My mom is 91 years old now, but through the years, when I was a kid, the best thing about Thanksgiving was the stuffing. Hers was the best I ever ate. Loaded with flavor and completely delicious. When I got married and started my own family, I made sure I had this recipe in my recipe box. I’ve used it all my life.
1 onion, diced
1 green pepper, diced
1 c butter
3/4 c diced celery (celery seed can be used, maybe a teaspoon or so)
2 eggs, beaten
2 c canned chicken broth
1 16 oz. bag of Pepperidge Farm herbed seasoned stuffing (is crumbs, not cubes or croutons and is sold in a blue & white bag)
1 16-20 oz. bag soft bread cubes
1 tsp garlic
1 tsp poultry seasoning
2 Tbsp fresh parsley or dried parsley flakes
1 tsp oregano
1 Reynolds turkey sized baking bag
1. In large bowl, combine the bag of bread cubes with Pepperidge Farm herbed seasoned stuffing.
2. In fry pan, melt butter over a medium high heat. Sautée onions, green pepper and celery (or celery seed) until all is softened and translucent.
3. Pour melted butter and vegetables over all bread cubes and crumbs.
4. Mix in the two beaten eggs. Toss.
5. Add: 1 tsp. Garlic Powder 1 tsp. Poultry Seasoning 2 Tablespoons Dried Parsley 1 Tsp. Oregano Toss again.
6. Now pour chicken broth over all of mixture, making sure that stuffing is ALMOST wet, (you want it to be more than damp, but not downright wet) so that stuffing doesn’t dry out while inside turkey baking. (You can judge if stuffing is becoming too wet, just reserve the rest of the broth if not needed). (Many people like to use milk, but I find that it causes it to have a bland flavor. The chicken broth is the secret to excellent flavor, here.)
7. Toss once again, making sure all bread is well coated with all ingredients.
8. Stuff the turkey, packing tightly, but not too tightly (as in “don’t really jam it in there”) at both ends. (If you have any left over, you can put it in a casserole dish, and refrigerate until 45 minutes before turkey is done, then put in oven with turkey for extra stuffing.)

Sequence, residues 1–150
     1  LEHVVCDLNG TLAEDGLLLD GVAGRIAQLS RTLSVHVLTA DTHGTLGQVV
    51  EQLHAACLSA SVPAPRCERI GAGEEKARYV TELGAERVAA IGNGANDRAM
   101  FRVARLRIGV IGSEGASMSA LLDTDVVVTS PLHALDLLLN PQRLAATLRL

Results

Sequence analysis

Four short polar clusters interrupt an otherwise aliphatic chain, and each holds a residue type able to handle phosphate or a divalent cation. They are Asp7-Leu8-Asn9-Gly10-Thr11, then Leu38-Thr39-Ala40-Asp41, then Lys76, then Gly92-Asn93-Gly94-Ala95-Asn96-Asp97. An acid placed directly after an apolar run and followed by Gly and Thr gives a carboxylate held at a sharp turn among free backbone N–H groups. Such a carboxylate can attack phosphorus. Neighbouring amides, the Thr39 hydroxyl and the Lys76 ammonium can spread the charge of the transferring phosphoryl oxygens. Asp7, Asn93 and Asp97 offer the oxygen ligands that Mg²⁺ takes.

9. Use softened butter, and using fingers, rub butter all over turkey until coated, and then shake a little paprika over top of entire turkey.
10. Put about 2 tablespoons flour inside baking bag before putting the turkey inside. Push turkey into bag, close bag tightly, make three slits across the top of the bag for ventilation, and put into roaster pan.
11. Put lid on roaster and then bake following instructions for the size turkey you have. (**Note: the baking bag will probably cut baking time by at least 3/4 hr to 1 hour, but really holds in the juices and turkey stays very moist and juicy.) No basting is required when you use the baking bag, but if you wish, you can baste one or two times during baking.
12. **Note**: Be sure to remember to make the slits in the top of the baking bag, maybe an inch or two long, and be sure to put the little bit of flour into the bottom of the bag before you put the turkey inside. When finished, you will have an ample supply of broth inside the bag to make your gravy. Simply use a cup or ladle to scoop it all out. (What broth I don’t need, I always put into a plastic container and freeze to use when I make my chicken soups. I add it into the pot of soup and it gives my soups added extra special flavor!)